Given our molasses like movement and antideluvian thinking about high speed rail in this country, perhaps some of the US government and industry folks responsible ought to take a trip to China. That country on Saturday showed off the final link of the world's longest high-speed rail route set to begin hauling passengers from Beijing to Guangzhou (Canton) this week, cutting travel time to a third of what it currently takes.
The much anticipated opening of high-speed passenger service from Beijing to Guangzhou, a distance of 1430 miles is scheduled to begin next Wednesday.
Traveling at an average speed of 195 miles per hour, the new line will slash the time it takes to travel by rail from the capital to the southern commercial hub from the current 22 hours to just eight.
The trains are designed for a service speed of about 195 miles an hour.
Interior design is open coach type, no compartments. In coach the reclining seats are laid out in rows of three and two separated by an aisle, are upholstered in cloth and can be turned around so rows faced each other.
This line is now the longest high speed rail line in the world.
The line will have 35 stops. Besides Zhengzhou, they will include other major cities such as Wuhan and Changsha. Sections linking Zhengzhou and Wuhan and Wuhan and Guangzhou are already in service.
China's high-speed rail network was only established in 2007. Since China had no experience with high speed railroads at that time, equipment was borrowed and bought for testing and evaluation. During the intervening years the network has quickly become the world's largest, with a total of 5194 miles of track at the end of 2010.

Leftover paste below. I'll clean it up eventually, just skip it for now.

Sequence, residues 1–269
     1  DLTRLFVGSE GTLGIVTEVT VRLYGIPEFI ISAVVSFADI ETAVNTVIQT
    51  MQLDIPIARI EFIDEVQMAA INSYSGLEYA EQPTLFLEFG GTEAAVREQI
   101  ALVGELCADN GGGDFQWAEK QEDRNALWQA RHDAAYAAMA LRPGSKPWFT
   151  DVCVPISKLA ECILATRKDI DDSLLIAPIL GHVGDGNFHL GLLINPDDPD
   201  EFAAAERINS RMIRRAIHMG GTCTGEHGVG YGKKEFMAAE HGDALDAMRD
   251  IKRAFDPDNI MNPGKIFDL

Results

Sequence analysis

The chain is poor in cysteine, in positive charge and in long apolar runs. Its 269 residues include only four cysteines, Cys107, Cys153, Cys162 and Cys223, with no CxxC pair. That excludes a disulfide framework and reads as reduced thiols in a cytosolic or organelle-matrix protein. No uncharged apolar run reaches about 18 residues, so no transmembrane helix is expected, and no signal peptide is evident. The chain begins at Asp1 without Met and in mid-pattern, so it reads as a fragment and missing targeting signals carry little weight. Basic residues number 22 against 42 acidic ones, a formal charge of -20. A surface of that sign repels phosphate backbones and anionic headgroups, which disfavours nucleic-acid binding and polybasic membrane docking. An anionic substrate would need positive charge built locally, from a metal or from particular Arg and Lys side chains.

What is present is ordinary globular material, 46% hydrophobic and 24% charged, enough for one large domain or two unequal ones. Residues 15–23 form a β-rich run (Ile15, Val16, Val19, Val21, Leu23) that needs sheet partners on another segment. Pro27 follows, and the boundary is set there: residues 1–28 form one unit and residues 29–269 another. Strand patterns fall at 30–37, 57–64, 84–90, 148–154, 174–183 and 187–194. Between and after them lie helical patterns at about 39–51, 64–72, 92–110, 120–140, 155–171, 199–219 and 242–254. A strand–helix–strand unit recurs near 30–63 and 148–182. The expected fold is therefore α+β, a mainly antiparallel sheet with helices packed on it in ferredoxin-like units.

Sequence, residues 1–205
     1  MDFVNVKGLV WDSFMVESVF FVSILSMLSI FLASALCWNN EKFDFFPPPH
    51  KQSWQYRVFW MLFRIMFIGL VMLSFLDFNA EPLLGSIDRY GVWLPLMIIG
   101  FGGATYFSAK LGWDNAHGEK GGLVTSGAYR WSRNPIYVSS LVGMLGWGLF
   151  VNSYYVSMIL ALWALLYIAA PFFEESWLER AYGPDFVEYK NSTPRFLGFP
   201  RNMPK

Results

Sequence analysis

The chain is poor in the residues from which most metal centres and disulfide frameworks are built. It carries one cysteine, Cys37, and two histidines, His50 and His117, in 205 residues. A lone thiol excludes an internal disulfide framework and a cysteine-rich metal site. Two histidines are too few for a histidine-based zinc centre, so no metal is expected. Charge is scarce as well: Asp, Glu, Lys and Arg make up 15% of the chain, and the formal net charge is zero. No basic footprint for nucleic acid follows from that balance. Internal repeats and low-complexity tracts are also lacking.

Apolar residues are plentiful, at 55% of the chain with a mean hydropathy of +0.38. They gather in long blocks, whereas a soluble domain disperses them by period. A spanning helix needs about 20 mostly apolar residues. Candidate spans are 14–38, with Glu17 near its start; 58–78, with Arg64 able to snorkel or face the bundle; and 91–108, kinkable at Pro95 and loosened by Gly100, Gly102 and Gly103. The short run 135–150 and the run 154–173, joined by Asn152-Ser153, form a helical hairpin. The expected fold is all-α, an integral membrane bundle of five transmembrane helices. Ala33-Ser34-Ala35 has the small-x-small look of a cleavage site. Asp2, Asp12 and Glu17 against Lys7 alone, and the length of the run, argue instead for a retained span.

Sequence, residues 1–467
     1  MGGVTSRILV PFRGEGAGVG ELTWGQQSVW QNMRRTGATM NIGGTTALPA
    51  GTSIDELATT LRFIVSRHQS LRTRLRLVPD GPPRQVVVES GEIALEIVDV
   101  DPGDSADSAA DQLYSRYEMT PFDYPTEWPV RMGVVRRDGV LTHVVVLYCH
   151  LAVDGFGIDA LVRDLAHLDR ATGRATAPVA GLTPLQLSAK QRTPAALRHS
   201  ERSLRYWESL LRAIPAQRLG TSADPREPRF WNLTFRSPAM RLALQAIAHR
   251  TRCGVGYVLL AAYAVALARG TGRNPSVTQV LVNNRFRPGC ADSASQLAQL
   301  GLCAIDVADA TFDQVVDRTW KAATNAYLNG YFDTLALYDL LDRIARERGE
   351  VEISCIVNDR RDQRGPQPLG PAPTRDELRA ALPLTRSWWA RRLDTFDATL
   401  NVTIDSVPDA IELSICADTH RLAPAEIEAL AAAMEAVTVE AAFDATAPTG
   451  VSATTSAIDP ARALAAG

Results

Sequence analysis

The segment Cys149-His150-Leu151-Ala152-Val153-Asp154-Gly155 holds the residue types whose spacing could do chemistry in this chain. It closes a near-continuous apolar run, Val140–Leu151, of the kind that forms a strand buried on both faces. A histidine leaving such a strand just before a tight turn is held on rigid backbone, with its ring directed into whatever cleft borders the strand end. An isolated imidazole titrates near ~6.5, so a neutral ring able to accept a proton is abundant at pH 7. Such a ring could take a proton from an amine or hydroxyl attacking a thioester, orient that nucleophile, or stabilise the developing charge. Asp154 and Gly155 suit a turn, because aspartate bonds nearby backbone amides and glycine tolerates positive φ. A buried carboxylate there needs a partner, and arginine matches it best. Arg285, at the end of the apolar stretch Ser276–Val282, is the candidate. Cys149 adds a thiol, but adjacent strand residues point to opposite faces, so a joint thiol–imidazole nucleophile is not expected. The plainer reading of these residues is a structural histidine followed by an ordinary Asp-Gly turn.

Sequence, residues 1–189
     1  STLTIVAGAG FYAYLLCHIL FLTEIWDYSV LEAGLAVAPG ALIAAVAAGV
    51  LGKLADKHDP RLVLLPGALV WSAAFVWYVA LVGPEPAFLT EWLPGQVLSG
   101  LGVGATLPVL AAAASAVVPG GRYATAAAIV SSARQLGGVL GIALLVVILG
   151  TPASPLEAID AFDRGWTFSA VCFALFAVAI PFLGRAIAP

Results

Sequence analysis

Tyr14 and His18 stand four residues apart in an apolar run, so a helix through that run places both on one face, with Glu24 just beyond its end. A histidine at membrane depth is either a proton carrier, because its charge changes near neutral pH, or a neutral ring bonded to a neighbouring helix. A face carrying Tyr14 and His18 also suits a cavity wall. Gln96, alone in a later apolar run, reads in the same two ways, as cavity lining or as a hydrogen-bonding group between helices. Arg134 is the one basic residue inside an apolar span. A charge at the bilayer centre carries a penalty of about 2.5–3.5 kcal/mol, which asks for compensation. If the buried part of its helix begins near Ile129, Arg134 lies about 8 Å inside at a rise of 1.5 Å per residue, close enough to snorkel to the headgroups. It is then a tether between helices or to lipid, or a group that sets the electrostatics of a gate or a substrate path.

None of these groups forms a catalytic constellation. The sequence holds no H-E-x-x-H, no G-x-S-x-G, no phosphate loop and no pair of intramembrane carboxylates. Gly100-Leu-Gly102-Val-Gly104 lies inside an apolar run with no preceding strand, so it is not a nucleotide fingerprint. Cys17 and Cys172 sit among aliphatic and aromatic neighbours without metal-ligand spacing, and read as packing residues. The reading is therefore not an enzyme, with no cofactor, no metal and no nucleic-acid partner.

That is expected to almost double to close to 10000 miles by 2020.
There have been difficulties on the way of achiving all this. Graft and corruption were a problem and then there was the very deadly bullet train collision in July 2011, which killed 40 people and sparked a public outcry.
The accident -- China's worst rail disaster since 2008 -- triggered a flood of criticism of the government and accusations that authorities had compromised safety in its rush to expand.
Authorities say that they have taken steps ahead of the new line's opening to improve maintenance and inspection of infrastructure, including track, rolling stock and emergency response measures.
The train will be in service for China's Lunar New Year holiday period, which falls in mid-February, when hundreds of millions of people will travel across the country in the world's largest annual migration.
The train sets are reportedly going to be CRH3 EMUs. These were developed by the China South Locomotive Works in cooperation with Siemens Transportation of Germany. Top design speed is 236 miles an hour. They come in 8 and 16 car versions. Rumors have it that there is some bad blood between Siemens and the Chinese regarding some "stolen" technology and patent infringements.
Perhaps I ought to get a Chinese Rail Pass before I get too old!